The writings of classical and late Antique authors such as Cicero (d. 44 BC), Ovid (d. c. 18) and Prudentius (d. after 405) continued to be read during the early Middle Ages. Their works were central to the school curriculum, particularly for the study of Latin, and medieval authors often drew on and quoted from them in their own writings.
Produced in France during the first quarter of the 11th century, this book is a collection of material about the poet Virgil (d. 19 BC). It contains all three of his major works – Eclogues, Georgics and the epic Aeneid – as well as extracts from several commentaries on his poems by other classical authors and a Life of the Roman author that describes him as dissertissimi omnium poetarum (the most skilful of all poets). The manuscript opens with a large decorated initial ‘P’, inhabited with birds and beasts and a small portrait of a scribe writing at a desk.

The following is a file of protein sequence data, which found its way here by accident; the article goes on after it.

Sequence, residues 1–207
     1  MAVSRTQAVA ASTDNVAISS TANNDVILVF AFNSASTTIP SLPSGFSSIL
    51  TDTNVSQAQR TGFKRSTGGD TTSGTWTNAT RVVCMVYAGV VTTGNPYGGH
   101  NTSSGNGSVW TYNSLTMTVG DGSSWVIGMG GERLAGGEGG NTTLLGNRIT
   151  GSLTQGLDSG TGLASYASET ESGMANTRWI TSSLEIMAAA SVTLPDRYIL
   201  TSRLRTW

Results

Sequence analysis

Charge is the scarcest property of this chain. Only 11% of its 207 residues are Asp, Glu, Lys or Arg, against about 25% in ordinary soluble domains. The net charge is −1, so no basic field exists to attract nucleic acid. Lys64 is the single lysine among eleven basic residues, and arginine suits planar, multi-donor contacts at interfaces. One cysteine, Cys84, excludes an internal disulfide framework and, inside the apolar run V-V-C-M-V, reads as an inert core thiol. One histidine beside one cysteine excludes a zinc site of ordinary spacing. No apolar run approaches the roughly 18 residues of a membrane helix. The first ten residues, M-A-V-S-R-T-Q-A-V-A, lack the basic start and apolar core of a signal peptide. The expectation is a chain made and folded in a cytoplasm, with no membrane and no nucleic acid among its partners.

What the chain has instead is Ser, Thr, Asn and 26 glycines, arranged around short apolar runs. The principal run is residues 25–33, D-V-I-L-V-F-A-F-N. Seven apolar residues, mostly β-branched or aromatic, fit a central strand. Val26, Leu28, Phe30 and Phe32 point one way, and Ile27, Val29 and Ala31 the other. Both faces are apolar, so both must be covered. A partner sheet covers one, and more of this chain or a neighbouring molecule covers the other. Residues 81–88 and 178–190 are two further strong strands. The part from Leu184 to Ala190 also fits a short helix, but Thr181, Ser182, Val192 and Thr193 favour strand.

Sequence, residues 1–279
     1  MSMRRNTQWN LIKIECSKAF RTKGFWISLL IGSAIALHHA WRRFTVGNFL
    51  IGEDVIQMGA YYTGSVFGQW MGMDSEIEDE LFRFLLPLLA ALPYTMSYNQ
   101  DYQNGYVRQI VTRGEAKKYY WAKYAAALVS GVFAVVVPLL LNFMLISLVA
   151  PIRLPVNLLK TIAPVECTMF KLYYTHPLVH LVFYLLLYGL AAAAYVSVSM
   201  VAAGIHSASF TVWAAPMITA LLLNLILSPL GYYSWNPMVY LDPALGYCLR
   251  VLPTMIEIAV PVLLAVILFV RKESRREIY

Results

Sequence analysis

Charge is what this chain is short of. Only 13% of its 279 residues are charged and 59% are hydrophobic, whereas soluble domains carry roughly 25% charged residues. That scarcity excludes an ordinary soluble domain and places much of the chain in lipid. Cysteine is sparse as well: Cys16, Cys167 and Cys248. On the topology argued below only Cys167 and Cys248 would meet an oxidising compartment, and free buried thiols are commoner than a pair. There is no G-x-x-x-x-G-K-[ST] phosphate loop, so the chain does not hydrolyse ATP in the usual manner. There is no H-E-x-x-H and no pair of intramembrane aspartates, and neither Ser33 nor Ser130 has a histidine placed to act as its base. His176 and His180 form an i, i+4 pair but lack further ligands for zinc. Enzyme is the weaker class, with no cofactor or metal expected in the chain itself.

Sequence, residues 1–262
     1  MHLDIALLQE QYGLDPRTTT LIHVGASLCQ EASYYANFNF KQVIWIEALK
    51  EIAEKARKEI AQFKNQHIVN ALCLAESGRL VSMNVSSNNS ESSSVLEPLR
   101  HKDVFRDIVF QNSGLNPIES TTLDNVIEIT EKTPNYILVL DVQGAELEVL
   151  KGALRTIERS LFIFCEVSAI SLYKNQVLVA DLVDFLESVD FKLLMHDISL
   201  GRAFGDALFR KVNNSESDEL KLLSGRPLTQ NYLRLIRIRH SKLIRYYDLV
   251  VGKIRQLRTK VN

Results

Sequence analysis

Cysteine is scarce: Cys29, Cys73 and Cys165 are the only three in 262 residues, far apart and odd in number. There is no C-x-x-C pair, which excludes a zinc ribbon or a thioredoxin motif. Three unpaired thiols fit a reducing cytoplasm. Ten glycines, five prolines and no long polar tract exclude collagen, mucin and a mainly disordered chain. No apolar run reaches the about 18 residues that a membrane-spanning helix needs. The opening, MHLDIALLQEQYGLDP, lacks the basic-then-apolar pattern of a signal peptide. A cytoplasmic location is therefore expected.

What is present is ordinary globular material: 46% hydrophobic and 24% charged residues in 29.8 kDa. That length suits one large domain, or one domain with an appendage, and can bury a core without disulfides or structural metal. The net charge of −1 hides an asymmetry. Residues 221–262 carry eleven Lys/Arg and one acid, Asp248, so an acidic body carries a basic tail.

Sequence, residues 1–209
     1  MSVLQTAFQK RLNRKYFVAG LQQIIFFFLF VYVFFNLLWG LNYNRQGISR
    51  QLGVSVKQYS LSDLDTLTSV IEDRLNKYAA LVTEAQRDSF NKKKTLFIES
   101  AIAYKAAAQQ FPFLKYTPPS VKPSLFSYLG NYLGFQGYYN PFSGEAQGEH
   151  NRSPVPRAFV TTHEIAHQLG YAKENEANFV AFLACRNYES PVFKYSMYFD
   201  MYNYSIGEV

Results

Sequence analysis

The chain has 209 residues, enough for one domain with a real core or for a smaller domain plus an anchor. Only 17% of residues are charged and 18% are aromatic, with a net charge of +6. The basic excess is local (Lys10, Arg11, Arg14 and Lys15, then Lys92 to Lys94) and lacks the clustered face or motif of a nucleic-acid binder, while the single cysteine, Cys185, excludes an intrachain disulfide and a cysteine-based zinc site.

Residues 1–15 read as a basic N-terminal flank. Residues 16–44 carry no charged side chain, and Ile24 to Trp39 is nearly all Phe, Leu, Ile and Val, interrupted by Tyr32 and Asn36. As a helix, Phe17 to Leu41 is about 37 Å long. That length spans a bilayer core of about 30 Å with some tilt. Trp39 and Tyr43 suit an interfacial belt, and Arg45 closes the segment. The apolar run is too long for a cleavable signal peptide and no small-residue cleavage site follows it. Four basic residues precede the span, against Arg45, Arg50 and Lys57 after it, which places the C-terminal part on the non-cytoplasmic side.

This manuscript was digitised with the support of The Polonsky Foundation.